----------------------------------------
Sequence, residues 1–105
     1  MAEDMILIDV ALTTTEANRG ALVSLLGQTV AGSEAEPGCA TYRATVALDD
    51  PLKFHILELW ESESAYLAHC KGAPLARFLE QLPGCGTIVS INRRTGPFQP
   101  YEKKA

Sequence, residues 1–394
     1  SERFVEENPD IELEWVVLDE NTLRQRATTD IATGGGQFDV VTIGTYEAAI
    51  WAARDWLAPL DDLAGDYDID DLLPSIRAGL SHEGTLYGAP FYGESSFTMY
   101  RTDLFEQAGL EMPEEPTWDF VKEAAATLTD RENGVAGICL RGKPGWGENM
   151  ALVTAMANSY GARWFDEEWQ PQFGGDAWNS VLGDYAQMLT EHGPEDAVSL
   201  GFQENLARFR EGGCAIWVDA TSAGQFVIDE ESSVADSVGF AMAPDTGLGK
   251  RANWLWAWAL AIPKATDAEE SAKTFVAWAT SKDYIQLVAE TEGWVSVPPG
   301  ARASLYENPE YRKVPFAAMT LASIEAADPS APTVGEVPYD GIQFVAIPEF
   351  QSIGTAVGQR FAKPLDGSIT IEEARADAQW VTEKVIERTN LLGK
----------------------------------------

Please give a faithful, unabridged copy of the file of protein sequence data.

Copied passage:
Sequence, residues 1–105
     1  MAEDMILIDV ALTTTEANRG ALVSLLGQTV AGSEAEPGCA TYRATVALDD
    51  PLKFHILELW ESESAYLAHC KGAPLARFLE QLPGCGTIVS INRRTGPFQP
   101  YEKKA

Sequence, residues 1–394
     1  SERFVEENPD IELEWVVLDE NTLRQRATTD IATGGGQFDV VTIGTYEAAI
    51  WAARDWLAPL DDLAGDYDID DLLPSIRAGL SHEGTLYGAP FYGESSFTMY
   101  RTDLFEQAGL EMPEEPTWDF VKEAAATLTD RENGVAGICL RGKPGWGENM
   151  ALVTAMANSY GARWFDEEWQ PQFGGDAWNS VLGDYAQMLT EHGPEDAVSL
   201  GFQENLARFR EGGCAIWVDA TSAGQFVIDE ESSVADSVGF AMAPDTGLGK
   251  RANWLWAWAL AIPKATDAEE SAKTFVAWAT SKDYIQLVAE TEGWVSVPPG
   301  ARASLYENPE YRKVPFAAMT LASIEAADPS APTVGEVPYD GIQFVAIPEF
   351  QSIGTAVGQR FAKPLDGSIT IEEARADAQW VTEKVIERTN LLGK